We chatted to several BMC riders at their winter training camp in Dénia, Spain, where we asked them about their favourite food guilty pleasures and how often they indulge...
As cyclists, having spent most of December eating and drinking far too much chocolate, alcohol and mince pies, we often feel overweight and sluggish in January. If you are feeling guilty, fear not, even professionals indulge in junk food. Despite their super-human capabilities, professional cyclists are humans too and you might be surprised to hear about some of the things they eat and when they eat them. Read on to find out…
Brent Bookwalter: beer and chocolate
With regards to junk food the 30-year-old American told us: “I guess I am a little bit of an everything kind of guy”. Brent lives in Asheville, North Carolina and told us that “Asheville has lots of great beer festivals — I love a good IPA.”
He went on to add, “I really like chocolate too. Cadel [Evans] taught me that it is OK to eat chocolate. He will often skip dessert and have a chocolate bar back in his room.” The BMC domestique told us he would start this year’s season in Dubai.
Taylor Phinney: burgers and milkshake
“I feel like I have a lot of guilty pleasures. I like traditional American food that is bad for you like hamburgers and ice cream sandwiches,” said the American national time trial champion.
“I really like to dip French fries in milkshake, which is probably the guiltiest of pleasures and probably the weirdest, but that’s normal for us Americans. People in the middle of the country eat deep fried butter on a stick and that’s where I come from. I have indulged in a lot of food related guilty pleasures over the last seven months of my pseudo retirement/injury.”
Tejay van Garderen: pizza
“Definitely wine and beer, but I would say the biggest is pepperoni pizza.” Asked how often he allows himself to indulge in his favourite pizza, the 26-year-old grand tour contender replied, “More often that I should! It depends on the day — if you just did a big training day and it was cold outside, it’s not a big deal. Leading up to the Tour de France I am strict with the intake, but even then, a little bit of pizza is fine.”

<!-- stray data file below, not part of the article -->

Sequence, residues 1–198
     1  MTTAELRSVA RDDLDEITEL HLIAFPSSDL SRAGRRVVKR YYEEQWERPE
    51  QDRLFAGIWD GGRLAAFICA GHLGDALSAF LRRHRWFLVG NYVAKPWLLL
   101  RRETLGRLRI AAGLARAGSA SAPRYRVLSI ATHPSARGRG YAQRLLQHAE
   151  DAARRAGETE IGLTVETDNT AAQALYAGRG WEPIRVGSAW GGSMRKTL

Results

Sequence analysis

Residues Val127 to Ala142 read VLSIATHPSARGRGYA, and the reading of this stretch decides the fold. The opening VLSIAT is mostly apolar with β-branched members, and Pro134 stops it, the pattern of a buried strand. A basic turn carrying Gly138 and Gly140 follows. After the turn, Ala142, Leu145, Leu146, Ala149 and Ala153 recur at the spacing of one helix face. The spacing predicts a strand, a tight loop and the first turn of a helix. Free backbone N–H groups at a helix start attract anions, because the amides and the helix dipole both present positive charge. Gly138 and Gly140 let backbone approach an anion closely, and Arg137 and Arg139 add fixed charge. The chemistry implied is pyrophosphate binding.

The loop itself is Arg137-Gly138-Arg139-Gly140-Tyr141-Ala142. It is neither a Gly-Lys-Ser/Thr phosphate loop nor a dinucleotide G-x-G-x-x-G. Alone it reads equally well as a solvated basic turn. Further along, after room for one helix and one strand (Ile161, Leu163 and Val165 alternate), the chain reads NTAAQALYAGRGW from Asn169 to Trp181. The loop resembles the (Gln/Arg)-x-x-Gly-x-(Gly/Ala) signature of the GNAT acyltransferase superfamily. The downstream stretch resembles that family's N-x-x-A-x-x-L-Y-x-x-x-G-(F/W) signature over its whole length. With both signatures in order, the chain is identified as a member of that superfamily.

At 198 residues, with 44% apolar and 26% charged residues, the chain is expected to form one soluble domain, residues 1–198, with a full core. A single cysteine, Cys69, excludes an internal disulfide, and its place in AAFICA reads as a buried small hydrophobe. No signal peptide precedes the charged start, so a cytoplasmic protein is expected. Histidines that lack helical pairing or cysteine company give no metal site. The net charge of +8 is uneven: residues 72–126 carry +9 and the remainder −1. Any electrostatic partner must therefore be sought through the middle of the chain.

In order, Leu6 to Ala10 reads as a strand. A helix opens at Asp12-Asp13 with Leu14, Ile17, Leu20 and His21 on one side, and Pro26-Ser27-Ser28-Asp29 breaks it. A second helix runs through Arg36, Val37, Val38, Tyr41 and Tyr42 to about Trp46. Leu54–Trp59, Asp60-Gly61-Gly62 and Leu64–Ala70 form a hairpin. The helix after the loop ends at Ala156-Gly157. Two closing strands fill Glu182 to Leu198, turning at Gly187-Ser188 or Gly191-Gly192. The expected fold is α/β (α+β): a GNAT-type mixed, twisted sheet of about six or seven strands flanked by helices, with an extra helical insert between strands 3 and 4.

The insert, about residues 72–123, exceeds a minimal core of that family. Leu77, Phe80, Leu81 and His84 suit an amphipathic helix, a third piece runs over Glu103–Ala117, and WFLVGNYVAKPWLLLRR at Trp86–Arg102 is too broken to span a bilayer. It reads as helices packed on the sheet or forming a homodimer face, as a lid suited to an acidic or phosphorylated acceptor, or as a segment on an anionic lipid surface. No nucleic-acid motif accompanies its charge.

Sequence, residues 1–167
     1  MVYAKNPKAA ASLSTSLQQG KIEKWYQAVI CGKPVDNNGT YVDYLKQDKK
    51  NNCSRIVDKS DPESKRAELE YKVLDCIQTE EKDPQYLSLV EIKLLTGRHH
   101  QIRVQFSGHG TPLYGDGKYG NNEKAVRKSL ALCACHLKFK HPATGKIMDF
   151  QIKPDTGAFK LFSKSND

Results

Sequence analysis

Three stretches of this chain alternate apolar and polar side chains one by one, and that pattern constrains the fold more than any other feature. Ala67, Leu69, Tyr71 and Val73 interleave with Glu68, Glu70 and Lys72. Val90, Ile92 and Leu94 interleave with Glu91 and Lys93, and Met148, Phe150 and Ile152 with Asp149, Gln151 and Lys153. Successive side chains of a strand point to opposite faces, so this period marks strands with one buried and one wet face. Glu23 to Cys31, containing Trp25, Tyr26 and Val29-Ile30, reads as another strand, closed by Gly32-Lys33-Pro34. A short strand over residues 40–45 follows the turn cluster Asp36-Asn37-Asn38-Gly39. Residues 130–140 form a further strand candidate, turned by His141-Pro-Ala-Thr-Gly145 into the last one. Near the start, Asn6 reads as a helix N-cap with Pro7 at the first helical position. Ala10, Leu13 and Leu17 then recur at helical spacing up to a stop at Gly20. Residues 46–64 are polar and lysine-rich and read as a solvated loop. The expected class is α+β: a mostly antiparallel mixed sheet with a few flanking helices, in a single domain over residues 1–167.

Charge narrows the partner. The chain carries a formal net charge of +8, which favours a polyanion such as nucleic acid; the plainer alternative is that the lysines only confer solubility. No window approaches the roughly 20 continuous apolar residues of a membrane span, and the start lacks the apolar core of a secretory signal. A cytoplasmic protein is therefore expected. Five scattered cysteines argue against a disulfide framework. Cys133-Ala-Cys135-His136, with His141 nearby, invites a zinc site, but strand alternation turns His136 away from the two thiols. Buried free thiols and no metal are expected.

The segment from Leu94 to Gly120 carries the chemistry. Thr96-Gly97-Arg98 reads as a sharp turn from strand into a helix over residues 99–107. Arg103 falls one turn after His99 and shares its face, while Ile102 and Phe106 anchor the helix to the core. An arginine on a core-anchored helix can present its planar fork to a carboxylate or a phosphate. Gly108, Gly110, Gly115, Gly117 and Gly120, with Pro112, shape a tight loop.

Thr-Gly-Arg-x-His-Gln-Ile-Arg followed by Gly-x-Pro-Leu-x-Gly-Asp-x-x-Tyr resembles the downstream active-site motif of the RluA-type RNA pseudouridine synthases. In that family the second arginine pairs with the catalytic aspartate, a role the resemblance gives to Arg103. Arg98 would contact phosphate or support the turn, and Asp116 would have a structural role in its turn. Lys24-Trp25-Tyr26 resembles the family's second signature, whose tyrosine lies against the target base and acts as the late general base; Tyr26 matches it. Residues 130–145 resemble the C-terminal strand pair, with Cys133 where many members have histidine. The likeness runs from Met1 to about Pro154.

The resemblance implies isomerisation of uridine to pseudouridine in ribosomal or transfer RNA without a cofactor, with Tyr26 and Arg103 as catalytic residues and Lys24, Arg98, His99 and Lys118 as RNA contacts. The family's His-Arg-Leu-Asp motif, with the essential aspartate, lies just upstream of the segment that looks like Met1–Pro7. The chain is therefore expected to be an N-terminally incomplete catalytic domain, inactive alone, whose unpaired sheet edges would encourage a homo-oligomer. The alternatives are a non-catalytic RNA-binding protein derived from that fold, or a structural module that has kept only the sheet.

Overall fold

Is his weakness for pizza a reason for him not doing the Giro d’Italia? “It could be!” he replied.
Rick Zabel: Haribo
The son of six-time Tour de France green jersey champion Eric Zabel, Rick appeared to have a more focussed approach to his nutrition.”Right now, we are at the training camp and the two chefs we have cook really good stuff. It is really hard to avoid eating too much of the really tasty things, but it depends on my training. If I am doing more training, I will eat things with more calories, but if it is a rest day I will try to focus and just eat a salad.”
Rick tries to be very disciplined, but admitted that “if you are racing in cold weather and you come back to the team bus and have some Haribo or chocolate, it’s a little gift for yourself. This is needed, in my opinion.”
Rohan Dennis: chocolate
Rohan Dennis is an up-and-coming stage racer with a strong track background in the pursuit. “My guilty pleasure is definitely chocolate. My biggest problem with it is that if it is a block of chocolate, even 500g, if I open it, I have to finish it. So basically I don’t buy it. My girlfriend has made some tim tam slice, which you don’t have in England, but it is chocolate with a wafer and soft chocolate in the middle again, so that’s a problem for me! I told her to get it out the house as soon as I get home, I don’t want to see it!”
When asked about his chocolate addiction in the run up to a big race, such as the Tour of California, Dennis told us: “Funny you should ask — for some of my best races, I have actually eaten a block of chocolate the night before [laughs]. One that comes to mind is the Australian Nationals in 2012 [which Rohan won]. The night before the race I ate about 300g of chocolate and I said to my girlfriend that I was going to win. She told me to stop being so cocky! I think I had so much sugar in my system, I had plenty of stores for the four hours of the race. But it’s a two-way street — you have to have really good form too.”
In February the 24 year old Australian will attempt the hour record. We wonder if he will have a block of Dairy Milk the night before…?
Greg Van Avermaet: ice cream
The 29-year-old Belgian classics specialist told us” “My weakness is chocolate and ice-cream. Right now it’s not that important — I am not too strict on these kind of things. If you start now, it is difficult to keep it going for the whole year, so I have periods where I give myself gifts, but at other periods there will be nothing.”
Van Avermaet says his favourite ice crem is stracciatella with chocolate and some coconut, but he left the big surprise until last. Despite being Belgian, he tells us that he is “not a big beer drinker — it’s a lot of calories and I am more into food than drinking. I try to get my calories elsewhere.”